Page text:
North American mobile satellite operators TMI Communications, based in Ottawa, and Motient Corp. announced last month that they have secured US$55 million in funding for a proposed joint venture, dubbed Mobile Satellite Ventures LLC.
The companies said the new entity would consolidate the two companies and develop a “highly innovative and spectrally efficient combination” of satellites and terrestrial base stations.
The funding will provide Mobile Satellite Ventures (MSV) to close a pre-existing agreement to consolidate the satellite-related assets of both Motient and TMI, allowing MSV to move forward as a stand-alone operating entity, the companies said.
Integrating TMI and Motient into MSV would create one of the largest providers of mobile satellite services in the world, the companies said. An estimated 40,000 customers will receive digital voice and data services, including circuit-switched voice, dispatch radio, dial-up and packet data services.
The latest announcement is another step towards a “bigger, better” company that will develop new applications and services in the future, said Larry Boisvert, president and CEO of TMI.
“With the strong support of our investors and the talent and expertise of our people, MSV will make this vision a reality,” Boisvert said in a statement.
MSV will operate as a U.S. company headquartered in Reston, Va. with customer service operations based in Ottawa, said Liz Tasker, vice-president of business development and service delivery at TMI.
“This allows us to combine our operations, bring economies of scale and focus on having two stronger entities that can deliver service all throughout North America,” Tasker said.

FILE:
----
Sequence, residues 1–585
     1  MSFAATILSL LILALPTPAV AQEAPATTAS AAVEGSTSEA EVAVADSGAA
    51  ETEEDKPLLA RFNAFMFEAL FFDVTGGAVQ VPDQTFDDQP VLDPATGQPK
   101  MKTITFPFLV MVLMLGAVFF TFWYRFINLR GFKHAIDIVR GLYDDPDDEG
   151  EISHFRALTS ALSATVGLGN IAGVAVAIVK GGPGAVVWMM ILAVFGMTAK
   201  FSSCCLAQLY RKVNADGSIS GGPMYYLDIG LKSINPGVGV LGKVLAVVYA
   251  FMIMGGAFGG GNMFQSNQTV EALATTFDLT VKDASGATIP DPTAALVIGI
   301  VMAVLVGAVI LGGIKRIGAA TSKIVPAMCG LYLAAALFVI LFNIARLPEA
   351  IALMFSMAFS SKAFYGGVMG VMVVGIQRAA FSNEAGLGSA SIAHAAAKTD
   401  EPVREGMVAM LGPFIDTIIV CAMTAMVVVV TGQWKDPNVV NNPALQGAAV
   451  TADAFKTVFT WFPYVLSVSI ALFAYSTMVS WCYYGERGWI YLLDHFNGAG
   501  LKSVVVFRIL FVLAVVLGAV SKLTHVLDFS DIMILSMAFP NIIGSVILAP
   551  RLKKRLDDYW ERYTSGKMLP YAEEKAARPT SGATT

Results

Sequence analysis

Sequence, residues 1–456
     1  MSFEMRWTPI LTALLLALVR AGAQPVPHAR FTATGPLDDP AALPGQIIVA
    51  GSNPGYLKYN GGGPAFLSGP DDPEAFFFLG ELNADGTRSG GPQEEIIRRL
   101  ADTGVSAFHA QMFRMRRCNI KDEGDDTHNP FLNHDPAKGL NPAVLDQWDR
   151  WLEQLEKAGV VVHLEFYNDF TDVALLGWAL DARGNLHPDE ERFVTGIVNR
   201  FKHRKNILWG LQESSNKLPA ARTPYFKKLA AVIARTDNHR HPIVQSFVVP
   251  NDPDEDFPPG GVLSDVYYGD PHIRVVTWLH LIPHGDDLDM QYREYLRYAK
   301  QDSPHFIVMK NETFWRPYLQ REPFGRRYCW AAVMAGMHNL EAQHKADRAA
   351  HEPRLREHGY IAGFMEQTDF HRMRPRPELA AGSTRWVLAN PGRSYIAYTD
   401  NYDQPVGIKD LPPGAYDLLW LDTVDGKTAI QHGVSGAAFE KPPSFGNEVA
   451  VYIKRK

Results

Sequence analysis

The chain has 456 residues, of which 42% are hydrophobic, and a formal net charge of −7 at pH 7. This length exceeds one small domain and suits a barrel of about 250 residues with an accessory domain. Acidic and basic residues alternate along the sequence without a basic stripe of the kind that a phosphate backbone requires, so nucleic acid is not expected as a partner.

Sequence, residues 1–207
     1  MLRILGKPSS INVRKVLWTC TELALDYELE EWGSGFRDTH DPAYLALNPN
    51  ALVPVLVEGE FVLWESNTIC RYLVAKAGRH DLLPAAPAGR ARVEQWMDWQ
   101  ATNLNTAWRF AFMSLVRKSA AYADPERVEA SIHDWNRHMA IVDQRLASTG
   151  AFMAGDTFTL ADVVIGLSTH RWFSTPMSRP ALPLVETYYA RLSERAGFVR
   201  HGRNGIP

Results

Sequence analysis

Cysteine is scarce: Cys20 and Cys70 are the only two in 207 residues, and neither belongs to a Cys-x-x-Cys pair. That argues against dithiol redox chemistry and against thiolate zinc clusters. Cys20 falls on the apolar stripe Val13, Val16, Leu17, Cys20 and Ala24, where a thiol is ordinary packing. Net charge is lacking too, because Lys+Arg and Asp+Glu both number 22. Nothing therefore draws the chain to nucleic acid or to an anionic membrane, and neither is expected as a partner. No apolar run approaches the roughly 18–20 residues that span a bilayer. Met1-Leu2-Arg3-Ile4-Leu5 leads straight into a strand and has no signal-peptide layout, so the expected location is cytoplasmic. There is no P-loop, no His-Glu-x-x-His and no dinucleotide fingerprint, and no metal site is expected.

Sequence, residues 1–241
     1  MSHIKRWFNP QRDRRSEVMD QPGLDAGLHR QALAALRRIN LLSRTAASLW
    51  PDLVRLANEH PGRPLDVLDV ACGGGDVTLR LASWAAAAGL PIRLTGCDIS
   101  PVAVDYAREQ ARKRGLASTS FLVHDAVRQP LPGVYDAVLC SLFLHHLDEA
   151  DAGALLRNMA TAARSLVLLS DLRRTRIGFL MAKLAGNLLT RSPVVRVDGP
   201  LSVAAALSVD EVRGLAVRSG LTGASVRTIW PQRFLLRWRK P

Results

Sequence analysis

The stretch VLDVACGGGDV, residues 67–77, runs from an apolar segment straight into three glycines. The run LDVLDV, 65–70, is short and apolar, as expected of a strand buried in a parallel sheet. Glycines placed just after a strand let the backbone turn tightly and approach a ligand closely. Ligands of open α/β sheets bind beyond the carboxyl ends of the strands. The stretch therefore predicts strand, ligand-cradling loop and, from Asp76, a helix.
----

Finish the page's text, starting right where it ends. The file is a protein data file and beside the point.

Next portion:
“TMI and Motient entered the market a little bit late to capitalize on some of the gaps in cellular coverage and so we’re looking at [MSV] to enhance our ability to provide mobile satellite services.”
Analyst Keith Mallinson, executive vice-president of research at the Boston-based Yankee Group, noted the very fact that TMI and Motient can consolidate shows that this is not the kind of deal that would incur the wrath of anti-trust authorities.
“Although they are some of the biggest players in the satellite mobile sector, it is in itself quite a relatively small niche in the overall global communications marketplace,” Mallinson said.
“Satellite has particular capabilities in that is has very broad geographic footprint which it useful for certain user…but, inherently, that is the thinner part of the market.”
At the moment, data services are provided by satellite and terrestrial-based, specialized data networks, Mallinson said, and there is pressure to consolidate them because it is becoming difficult to get critical mass economies of scale.
“Merging is the thing to do in this time in the marketplace. If you think of the business cycle, when it’s in growth you get lots of new companies founded…when the market turns down, you tend to get consolidation,” Mallinson said.
“This is a consolidation play, which I think is very much in keeping with the business cycle.”